Each month the Cinelinx staff will write a handful of articles covering a specified film-related topic. These articles will be notified by the Movielinx banner. Movielinx is an exploration and discussion of our personal connections with film. We’ll even submit reviews of the films we discuss so that you can get a better idea of what we’re talking about. April is National Humor Month, and because of this we will honor comedy in film. What makes you laugh? Feel free to add your own comments or reviews of movies that tickle your funny bone.
Monty Python and the Holy Grail was the second feature length film by the comedy group, and the first that had a traditional story and wasn’t just a bunch of individual sketches. While the group had become immensely popular in Britain because of their television show, the Holy Grail’s more traditional construction was more accessible and it eventually became a world-wide hit. The topic of the film was easily identifiable, and for new audiences that may not have been familiar with the television show, it allowed them to grasp the satire. For fans of the television show, the unique comedy they were familiar with transitioned well to the big screen/big story format.
For these reasons, and many others, Monty Python and the Holy Grail was well received by audiences and critics alike. Today it has a huge cult following and is widely considered one of the funniest films ever made. Join us as we count down the 10 funniest moments of this great comedy. Clips of these films have been provided for your viewing pleasure, and we’ve provided brief descriptions to help describe why each moment is so hilarious. Be careful though, if you’ve never seen the film watching these clips could lead to some spoilers! Let’s start the countdown….
10. The Opening Credits
Right out of the gate, The Holy Grail sets the stage for what is about to go down. The opening credits start out on a more traditional and serious note, seemingly fitting for a drama/adventure film taking place in the middle ages. As the names flash on screen though, it becomes apparent that something isn’t right. The ridiculousness slowly builds one frame at a time, almost as if the film makers wanted to sneak up on unsuspecting viewers. Those that are not acclimated to the comedy group’s unique type of humor are abruptly introduced, preparing you for what is about to come but also not giving away too much.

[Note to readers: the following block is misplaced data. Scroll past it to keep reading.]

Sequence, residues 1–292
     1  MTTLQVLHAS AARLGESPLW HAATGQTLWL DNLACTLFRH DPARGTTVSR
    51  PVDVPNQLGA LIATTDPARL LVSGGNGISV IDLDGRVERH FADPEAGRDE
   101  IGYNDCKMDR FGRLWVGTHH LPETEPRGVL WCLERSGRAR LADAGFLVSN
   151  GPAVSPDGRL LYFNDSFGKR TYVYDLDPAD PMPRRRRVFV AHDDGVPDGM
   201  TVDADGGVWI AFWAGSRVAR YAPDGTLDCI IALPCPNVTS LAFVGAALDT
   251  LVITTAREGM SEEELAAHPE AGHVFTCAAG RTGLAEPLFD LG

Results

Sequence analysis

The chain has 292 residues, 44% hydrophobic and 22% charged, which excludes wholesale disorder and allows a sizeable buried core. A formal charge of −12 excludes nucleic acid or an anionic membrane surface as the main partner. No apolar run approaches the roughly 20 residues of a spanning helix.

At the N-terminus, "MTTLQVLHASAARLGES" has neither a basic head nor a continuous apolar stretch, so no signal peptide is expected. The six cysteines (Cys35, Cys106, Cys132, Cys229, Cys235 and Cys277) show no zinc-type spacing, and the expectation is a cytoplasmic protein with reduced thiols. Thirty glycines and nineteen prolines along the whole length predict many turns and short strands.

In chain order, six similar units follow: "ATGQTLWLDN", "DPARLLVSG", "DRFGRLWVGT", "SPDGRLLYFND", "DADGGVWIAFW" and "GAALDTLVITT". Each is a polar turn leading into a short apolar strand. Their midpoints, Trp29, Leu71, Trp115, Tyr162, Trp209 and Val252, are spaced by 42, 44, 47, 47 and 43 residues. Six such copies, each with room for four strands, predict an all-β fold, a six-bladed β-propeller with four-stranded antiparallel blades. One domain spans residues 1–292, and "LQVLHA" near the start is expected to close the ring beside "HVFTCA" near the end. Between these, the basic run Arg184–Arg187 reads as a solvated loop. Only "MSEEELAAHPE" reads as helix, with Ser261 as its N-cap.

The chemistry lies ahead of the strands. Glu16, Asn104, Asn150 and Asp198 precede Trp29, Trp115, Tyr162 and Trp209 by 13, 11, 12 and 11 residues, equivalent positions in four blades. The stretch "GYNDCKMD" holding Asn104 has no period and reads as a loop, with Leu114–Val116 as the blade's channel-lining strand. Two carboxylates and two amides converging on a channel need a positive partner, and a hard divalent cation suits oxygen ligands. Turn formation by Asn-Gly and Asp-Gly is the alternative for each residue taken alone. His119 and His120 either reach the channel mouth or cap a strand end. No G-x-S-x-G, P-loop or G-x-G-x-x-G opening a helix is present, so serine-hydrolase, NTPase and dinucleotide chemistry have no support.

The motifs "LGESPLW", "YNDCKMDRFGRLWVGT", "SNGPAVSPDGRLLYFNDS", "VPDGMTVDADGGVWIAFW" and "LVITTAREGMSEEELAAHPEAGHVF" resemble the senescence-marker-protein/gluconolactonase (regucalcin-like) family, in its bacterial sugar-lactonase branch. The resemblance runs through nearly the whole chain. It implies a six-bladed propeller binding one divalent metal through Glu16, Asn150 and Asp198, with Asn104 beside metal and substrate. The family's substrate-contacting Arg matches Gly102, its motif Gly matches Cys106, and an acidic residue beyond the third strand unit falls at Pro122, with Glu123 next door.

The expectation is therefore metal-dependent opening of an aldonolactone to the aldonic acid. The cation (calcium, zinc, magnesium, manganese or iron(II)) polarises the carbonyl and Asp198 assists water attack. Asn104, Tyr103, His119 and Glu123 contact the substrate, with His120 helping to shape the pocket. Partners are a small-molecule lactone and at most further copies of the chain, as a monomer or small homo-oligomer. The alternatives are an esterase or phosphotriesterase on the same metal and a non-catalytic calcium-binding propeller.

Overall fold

9. She’s a Witch!
A common theme in this film is taking a well-known aspect of medieval culture and satirizing it for amusement. That is the case with this bit, which makes fun of the witch-hunting phenomenon. To start with, the writers make the common people really stupid. Then they make their leader, Sir Bedemir, not much smarter. The result is, as you might expect (two stupids don’t cancel each other out) but that’s not the point. The comedy stems from the way that they try and justify their stupid ideas with even stupider ones. It is a fantastic example of situational comedy too.
8. The Tale of Sir Lancelot
Here, the writers are able to contrast from what the audience is expecting in order to make the scene funny. In doing so, it makes fun of the traditional “knight in shining armor” routine we’ve seen countless times before while also doing it in a way that only Monty Python could. There are elements of all types of humor in this one scene (slapstick, farcical, ironic, and even mordant), and they are all handled very well.
7. I’m Not Dead Yet
One of the things that make The Holy Grail interesting is the way the film is structured. It has a common story that carries the characters through, but it also has a few clips on the side that illustrate themes or topics that aren’t directly related to the main story or characters. These moments, including this one, pay tribute to the segmented sketch comedy tradition of the Monty Python television show, but also add some depth to the setting in this feature film. The comedy group is well known for their bits that are also social commentary, and this is one of them. It makes fun of the deplorable living conditions of the middle ages while also giving the audience an interesting perspective on mortality.